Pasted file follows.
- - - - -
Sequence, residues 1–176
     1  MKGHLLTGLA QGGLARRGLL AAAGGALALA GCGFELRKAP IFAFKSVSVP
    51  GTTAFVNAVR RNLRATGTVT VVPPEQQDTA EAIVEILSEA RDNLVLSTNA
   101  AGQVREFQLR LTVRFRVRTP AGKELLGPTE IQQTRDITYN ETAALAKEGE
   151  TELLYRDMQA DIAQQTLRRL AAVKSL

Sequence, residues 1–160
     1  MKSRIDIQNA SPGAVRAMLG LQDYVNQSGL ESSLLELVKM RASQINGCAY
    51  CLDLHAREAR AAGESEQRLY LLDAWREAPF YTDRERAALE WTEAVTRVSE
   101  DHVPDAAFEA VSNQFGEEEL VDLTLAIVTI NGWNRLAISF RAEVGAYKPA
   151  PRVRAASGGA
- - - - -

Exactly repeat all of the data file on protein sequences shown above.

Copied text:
Sequence, residues 1–176
     1  MKGHLLTGLA QGGLARRGLL AAAGGALALA GCGFELRKAP IFAFKSVSVP
    51  GTTAFVNAVR RNLRATGTVT VVPPEQQDTA EAIVEILSEA RDNLVLSTNA
   101  AGQVREFQLR LTVRFRVRTP AGKELLGPTE IQQTRDITYN ETAALAKEGE
   151  TELLYRDMQA DIAQQTLRRL AAVKSL

Sequence, residues 1–160
     1  MKSRIDIQNA SPGAVRAMLG LQDYVNQSGL ESSLLELVKM RASQINGCAY
    51  CLDLHAREAR AAGESEQRLY LLDAWREAPF YTDRERAALE WTEAVTRVSE
   101  DHVPDAAFEA VSNQFGEEEL VDLTLAIVTI NGWNRLAISF RAEVGAYKPA
   151  PRVRAASGGA